Life, Animated


Movie review by Greg Carlson

Based on Ron Suskind’s 2014 book “Life, Animated: A Story of Sidekicks, Heroes, and Autism,” the documentary feature “Life, Animated” tells the story of Suskind’s son Owen, who at the age of three withdrew into a nonverbal world that devastated his family. Diagnosed with a Pervasive Developmental Disorder, Owen speaks only what his parents describe as “gibberish” until a viewing of “The Little Mermaid” reveals that Owen is capable of cognitively sophisticated communication through the dialogue of the Disney films that he repeatedly watches. Inspired by the breakthrough, the Suskinds forge ahead, even though a skeptical specialist advocates caution.

Filmmaker Roger Ross Williams closely follows the Suskind quartet, which also includes mother Cornelia and older brother Walt. Supplementing the interviews with footage of scenes chronicling the now grown-up Owen’s move toward greater independence from his parents (including a transition to an apartment of his own), Oscar-winner Williams develops the kind of working relationship with his subject that – even though the artificial presence of the camera never entirely disappears – suggests easygoing, comfortable intimacy. Home video clips of Walt and Owen as youngsters also add to the portrait.

While Owen’s remarkable progress via Disney is the movie’s hook, Owen’s tentative exploration of adulthood, employment, and romance is as engaging as any of the scenes that so bluntly stand in for complementary or parallel emotional beats (like Peter Pan not growing up or the separation of mother and offspring in “Bambi”). A plot involving Owen and his girlfriend Emily is adroitly handled by Williams, who in one memorable exchange at a mini-golf course challenges the wholesome image of Disney’s G-rated depiction of love and sex. A helpful Walt hints that people who kiss one another sometimes use more than their lips. They also use their… “Feelings,” is Owen’s reply.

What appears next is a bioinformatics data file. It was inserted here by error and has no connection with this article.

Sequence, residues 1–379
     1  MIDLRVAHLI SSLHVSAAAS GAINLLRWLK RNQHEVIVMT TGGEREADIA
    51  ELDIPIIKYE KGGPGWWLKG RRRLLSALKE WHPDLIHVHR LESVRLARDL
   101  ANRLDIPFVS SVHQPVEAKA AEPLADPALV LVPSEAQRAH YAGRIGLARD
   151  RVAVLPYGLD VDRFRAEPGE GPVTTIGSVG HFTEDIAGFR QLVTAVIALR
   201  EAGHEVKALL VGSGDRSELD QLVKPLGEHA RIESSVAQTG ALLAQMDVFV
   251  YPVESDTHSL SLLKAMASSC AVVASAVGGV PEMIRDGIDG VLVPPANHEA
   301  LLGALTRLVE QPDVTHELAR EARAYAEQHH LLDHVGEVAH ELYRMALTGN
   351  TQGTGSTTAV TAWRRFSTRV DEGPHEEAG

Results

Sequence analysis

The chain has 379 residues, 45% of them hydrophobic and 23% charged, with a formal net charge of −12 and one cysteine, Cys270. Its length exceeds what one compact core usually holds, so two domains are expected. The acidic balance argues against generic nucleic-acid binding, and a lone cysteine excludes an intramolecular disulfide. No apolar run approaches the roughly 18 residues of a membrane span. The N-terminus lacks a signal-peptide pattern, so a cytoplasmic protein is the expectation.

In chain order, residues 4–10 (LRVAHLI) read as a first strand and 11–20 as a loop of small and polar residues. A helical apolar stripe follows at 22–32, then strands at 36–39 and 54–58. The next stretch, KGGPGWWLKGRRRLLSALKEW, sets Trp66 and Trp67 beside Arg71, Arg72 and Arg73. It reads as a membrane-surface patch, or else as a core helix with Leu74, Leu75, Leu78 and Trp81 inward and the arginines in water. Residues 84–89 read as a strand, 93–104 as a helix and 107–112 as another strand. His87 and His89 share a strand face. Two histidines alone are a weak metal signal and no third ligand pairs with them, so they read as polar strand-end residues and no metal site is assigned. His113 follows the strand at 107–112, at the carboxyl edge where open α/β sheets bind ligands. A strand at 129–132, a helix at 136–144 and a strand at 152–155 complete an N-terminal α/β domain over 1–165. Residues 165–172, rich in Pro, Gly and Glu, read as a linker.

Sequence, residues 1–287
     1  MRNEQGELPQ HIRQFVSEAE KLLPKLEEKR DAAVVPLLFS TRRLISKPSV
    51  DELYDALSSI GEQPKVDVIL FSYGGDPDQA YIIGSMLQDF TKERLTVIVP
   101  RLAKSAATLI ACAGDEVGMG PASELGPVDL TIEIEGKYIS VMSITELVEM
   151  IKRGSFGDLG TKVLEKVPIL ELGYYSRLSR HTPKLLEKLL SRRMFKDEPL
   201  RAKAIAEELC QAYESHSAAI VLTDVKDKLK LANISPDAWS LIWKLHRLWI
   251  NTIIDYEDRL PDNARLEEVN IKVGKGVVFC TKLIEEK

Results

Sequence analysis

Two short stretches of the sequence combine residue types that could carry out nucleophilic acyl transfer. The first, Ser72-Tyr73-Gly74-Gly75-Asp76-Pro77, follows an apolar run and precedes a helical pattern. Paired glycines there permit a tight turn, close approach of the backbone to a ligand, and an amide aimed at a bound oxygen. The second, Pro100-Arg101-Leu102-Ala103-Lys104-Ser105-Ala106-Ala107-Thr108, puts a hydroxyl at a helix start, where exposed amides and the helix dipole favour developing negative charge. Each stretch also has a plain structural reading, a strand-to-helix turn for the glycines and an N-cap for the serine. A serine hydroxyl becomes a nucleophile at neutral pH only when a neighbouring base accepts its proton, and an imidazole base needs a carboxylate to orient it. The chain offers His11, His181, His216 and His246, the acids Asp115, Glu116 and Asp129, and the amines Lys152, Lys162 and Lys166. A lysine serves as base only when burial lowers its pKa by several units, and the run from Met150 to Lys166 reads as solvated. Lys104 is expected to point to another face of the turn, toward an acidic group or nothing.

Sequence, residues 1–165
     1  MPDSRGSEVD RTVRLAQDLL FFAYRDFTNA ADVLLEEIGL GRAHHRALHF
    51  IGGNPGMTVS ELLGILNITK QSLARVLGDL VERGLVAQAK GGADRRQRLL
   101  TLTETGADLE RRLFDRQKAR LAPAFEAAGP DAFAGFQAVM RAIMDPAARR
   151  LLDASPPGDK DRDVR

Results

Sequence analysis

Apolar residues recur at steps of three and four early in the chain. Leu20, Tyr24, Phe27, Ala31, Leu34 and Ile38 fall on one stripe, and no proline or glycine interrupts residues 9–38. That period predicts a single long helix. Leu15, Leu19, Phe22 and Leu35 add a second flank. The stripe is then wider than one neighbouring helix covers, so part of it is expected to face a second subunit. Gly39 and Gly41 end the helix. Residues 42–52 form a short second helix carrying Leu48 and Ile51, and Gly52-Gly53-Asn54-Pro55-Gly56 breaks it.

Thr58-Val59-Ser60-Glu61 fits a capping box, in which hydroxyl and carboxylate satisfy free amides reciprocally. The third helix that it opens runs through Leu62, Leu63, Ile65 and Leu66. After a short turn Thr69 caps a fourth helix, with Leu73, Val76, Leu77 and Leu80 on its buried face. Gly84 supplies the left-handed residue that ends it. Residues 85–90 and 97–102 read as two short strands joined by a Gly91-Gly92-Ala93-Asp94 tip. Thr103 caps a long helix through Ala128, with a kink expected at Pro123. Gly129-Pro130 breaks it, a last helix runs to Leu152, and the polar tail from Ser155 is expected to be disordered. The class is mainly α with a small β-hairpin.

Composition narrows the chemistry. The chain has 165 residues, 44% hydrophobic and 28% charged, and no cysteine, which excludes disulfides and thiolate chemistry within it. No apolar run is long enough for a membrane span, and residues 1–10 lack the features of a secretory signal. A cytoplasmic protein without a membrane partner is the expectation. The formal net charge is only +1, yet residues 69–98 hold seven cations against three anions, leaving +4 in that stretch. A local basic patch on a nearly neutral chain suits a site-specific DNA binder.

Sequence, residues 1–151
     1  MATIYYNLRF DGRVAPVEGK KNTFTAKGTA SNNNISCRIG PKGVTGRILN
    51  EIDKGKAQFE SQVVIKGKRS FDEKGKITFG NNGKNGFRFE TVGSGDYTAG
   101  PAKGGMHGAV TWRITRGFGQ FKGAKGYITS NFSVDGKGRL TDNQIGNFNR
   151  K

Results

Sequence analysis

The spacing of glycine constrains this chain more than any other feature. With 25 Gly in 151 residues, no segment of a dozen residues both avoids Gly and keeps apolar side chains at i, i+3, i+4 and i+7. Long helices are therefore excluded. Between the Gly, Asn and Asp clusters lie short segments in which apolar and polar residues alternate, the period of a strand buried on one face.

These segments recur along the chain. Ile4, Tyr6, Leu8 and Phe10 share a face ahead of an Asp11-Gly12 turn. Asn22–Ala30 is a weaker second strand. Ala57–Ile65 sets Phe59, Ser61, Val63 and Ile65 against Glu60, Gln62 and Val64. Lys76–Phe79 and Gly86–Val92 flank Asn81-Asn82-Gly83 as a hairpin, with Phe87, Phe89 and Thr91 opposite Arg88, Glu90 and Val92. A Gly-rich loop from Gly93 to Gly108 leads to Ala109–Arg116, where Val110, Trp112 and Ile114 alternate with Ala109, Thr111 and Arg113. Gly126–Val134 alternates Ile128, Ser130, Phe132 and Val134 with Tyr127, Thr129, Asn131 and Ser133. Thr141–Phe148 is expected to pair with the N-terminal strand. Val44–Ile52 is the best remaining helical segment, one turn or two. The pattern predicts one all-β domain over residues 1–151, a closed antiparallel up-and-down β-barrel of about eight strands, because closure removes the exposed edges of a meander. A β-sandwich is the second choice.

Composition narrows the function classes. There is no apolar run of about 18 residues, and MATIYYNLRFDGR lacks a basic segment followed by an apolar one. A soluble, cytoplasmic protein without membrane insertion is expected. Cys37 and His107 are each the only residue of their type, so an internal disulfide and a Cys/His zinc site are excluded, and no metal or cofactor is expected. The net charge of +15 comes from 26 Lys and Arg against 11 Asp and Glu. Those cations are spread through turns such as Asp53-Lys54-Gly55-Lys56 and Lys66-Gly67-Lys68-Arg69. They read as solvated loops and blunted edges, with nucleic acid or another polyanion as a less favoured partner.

One of the film’s central thematic concerns parallels the book’s report of Owen’s identification with Disney sidekicks, and Williams enlists the talents of Mathieu Betard, Olivier Lescot, and Philippe Sonrier to supplement the live action material with animated sequences illustrating a fantasy space where Owen interacts with the characters that have long inhabited a special sphere in his life as companions and friends. Back at the Disney viewing and discussion group that Owen organizes, a visit from Jonathan Freeman and Gilbert Gottfried provides another highlight but also raises the question of the notoriously brand-protective Disney’s relationship to “Life, Animated.”

While it is difficult not be caught up in the genuinely moving narrative of Owen’s personal journey, Williams fails to include even the slightest hint of critical counterpoint to the assumption that Disney films represent an unassailable moral position as a kind of righteous elixir. And though the purpose of “Life, Animated” is surely not to open up a critical discourse on the dark side of the corporation’s nearly monolithic historical position of power in key segments of our popular culture, some viewers will yearn for a more nuanced consideration. Fortunately, one’s attitude concerning Disney does not interfere with the movie’s rich understanding of meeting life’s challenges and obstacles with grace, humor, patience, and love.

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